- Peer-to-peer (P2P) lending platforms gave people the opportunity to lend directly to other people or to businesses; a straightforward transaction facilitated by increasingly sophisticated technology.
- Similarly, equity co-investment has emerged as a popular method of investing directly in ambitious early-stage businesses. The principle process of enabling everyday retail investors to invest alongside experienced and professional investors ensures the former acquire the confidence needed to acquire a diversified portfolio. Before 2007, this simply wasn’t something that existed.
In both examples, removing some of the intermediate stages serves both to offer a superior return for lenders/investors and to remove the opportunity for capital to find its way into complex products before it reaches its intended recipient.
One of Growth Capital Ventures’ central ambitions is to make investing more accessible. We want to keep this as simple as possible.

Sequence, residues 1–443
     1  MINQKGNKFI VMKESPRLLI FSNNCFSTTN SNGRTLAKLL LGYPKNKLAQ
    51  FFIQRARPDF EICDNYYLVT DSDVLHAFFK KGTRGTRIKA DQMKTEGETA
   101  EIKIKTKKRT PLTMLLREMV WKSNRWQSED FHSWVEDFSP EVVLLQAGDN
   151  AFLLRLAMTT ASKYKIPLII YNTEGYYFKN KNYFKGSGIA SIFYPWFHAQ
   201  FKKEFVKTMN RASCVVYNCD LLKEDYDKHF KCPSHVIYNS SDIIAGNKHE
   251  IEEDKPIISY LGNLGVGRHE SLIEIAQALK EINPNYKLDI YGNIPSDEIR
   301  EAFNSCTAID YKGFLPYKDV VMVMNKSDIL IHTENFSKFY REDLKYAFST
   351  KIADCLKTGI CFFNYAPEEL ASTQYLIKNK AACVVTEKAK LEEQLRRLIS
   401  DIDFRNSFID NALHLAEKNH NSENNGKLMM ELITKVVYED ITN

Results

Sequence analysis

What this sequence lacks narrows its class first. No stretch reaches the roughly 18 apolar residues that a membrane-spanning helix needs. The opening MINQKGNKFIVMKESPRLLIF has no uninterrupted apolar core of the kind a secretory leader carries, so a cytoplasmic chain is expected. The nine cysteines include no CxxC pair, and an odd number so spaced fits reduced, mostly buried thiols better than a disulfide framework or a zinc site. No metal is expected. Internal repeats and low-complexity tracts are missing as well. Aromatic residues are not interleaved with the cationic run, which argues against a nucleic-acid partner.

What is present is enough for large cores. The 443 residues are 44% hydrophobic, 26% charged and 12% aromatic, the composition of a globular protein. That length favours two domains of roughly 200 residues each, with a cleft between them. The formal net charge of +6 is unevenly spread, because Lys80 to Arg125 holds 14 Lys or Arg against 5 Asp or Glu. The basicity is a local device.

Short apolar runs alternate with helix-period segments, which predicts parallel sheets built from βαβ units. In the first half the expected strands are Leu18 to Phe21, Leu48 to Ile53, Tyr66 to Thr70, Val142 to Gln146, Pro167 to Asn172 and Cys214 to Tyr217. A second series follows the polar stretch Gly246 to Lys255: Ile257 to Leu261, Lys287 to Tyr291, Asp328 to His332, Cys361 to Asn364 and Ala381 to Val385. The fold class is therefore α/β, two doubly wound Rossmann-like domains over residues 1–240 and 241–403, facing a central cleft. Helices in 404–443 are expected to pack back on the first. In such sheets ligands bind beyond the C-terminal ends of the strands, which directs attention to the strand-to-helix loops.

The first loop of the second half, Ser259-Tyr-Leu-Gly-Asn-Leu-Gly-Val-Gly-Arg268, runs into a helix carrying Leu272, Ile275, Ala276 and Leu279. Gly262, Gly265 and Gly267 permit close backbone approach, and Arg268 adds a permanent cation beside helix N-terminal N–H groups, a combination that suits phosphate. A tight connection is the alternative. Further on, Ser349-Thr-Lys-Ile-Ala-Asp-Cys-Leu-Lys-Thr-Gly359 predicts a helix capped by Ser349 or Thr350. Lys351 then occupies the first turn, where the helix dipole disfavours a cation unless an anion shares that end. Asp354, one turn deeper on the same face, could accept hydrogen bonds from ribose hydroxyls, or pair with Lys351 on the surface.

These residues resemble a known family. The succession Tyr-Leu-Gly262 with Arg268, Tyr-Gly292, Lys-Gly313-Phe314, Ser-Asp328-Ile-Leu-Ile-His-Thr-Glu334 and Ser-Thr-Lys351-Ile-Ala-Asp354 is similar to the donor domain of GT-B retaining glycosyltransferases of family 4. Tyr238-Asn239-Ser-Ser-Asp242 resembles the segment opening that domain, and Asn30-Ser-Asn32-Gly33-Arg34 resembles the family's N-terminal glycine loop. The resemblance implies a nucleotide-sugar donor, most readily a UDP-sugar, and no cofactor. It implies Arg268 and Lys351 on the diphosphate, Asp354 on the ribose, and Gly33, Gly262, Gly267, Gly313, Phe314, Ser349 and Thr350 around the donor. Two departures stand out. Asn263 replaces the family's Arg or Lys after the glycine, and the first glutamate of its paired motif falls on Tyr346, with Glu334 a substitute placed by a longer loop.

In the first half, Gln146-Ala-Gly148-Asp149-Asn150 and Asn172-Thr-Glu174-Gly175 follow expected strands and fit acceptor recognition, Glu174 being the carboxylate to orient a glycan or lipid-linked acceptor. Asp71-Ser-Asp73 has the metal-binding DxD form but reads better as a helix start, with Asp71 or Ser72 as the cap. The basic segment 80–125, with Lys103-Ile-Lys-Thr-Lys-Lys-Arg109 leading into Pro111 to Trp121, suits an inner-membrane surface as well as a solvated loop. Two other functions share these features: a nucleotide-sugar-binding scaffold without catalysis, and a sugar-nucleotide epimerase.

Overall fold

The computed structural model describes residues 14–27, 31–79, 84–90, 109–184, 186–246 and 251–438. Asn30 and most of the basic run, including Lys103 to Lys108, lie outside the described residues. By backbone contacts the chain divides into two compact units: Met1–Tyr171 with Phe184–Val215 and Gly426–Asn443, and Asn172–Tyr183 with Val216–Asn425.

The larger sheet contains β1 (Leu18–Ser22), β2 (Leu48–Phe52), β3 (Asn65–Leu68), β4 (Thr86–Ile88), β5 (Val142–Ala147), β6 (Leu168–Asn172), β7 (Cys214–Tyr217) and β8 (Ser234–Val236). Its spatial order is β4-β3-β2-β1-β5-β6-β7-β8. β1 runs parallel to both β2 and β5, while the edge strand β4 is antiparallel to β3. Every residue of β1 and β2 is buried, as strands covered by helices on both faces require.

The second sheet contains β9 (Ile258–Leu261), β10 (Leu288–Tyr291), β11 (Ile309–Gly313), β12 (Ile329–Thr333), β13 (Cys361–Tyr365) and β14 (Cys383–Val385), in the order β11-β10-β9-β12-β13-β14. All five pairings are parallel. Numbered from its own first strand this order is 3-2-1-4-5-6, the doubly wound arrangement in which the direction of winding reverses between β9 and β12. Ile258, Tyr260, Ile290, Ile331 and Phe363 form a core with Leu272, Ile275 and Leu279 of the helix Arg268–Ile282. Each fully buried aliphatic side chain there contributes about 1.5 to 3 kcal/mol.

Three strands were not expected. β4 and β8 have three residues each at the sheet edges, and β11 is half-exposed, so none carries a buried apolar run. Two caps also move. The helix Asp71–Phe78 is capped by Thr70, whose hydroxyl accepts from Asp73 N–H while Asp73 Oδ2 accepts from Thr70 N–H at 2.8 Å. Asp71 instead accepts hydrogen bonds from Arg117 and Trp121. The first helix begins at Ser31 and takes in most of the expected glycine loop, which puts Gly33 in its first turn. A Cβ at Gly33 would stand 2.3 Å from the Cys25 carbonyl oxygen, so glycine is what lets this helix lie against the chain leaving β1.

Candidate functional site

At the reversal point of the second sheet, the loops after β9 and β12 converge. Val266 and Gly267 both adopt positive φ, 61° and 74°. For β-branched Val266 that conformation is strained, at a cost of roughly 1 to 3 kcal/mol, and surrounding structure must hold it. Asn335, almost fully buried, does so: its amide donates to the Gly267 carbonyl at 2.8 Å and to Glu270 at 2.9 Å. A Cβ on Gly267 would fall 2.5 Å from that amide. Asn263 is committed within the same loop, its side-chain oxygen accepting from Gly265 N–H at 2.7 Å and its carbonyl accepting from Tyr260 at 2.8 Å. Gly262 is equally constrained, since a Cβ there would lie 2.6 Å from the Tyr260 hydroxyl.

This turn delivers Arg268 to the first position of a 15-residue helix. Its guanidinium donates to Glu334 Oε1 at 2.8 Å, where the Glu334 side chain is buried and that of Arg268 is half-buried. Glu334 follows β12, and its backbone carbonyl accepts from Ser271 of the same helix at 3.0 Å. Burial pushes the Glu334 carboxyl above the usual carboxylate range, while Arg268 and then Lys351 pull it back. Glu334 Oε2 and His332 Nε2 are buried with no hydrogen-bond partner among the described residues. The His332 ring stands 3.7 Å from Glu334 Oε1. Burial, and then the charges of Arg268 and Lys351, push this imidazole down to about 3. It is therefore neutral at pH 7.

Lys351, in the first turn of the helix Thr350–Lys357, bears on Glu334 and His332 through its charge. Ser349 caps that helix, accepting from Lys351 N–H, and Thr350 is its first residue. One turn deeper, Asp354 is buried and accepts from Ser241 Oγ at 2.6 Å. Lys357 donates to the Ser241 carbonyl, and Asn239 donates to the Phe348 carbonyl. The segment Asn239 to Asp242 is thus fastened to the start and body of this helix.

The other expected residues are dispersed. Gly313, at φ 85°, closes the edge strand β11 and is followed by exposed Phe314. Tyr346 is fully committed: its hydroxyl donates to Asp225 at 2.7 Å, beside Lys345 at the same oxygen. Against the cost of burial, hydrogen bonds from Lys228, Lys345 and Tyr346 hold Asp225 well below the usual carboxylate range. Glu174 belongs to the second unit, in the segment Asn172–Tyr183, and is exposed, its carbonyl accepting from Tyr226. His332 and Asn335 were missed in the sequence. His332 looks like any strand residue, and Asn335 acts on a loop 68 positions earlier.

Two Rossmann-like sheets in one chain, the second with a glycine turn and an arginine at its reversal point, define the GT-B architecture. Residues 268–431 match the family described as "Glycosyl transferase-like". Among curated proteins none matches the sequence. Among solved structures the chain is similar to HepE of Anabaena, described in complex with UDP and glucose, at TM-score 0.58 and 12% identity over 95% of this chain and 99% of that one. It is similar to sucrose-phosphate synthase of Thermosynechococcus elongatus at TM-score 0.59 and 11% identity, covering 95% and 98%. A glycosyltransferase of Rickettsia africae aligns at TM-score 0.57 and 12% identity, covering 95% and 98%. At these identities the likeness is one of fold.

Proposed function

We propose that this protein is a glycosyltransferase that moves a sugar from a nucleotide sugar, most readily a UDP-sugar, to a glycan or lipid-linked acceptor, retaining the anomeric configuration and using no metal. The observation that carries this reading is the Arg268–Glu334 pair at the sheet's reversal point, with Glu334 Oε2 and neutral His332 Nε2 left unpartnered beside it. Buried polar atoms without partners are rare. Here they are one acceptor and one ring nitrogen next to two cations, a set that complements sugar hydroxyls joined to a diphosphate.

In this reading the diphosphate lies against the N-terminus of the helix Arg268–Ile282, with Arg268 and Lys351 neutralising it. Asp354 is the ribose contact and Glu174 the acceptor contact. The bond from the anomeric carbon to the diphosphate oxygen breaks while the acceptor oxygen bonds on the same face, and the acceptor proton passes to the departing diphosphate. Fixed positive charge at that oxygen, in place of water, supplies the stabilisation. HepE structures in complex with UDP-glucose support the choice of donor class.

We currently host equity investment opportunities on our GrowthFunders platform in which you can invest from as little as £100. The process can be completed in minutes, from first registration to selecting your opportunity and the amount you’d like to invest.
A key achievement has been enabling everyday retail investors to assemble diversified investment portfolios at relatively low cost.
With such a low entry point, you can make five investments in five very different businesses for a total cost of just £500. And that £500 is an actual cost – it doesn’t take into account the generous tax reliefs offered by investing into SEIS and EIS opportunities (just two of the numerous tax efficient investment options currently open to UK investors).
With it clear UK investors are embracing this simplicity, few would argue the financial road ahead is still a turbulent one, but this confidence in investing is undoubtedly a positive sign for the future of our economy.
Michael Johnson, Head of Research at Growth Capital Ventures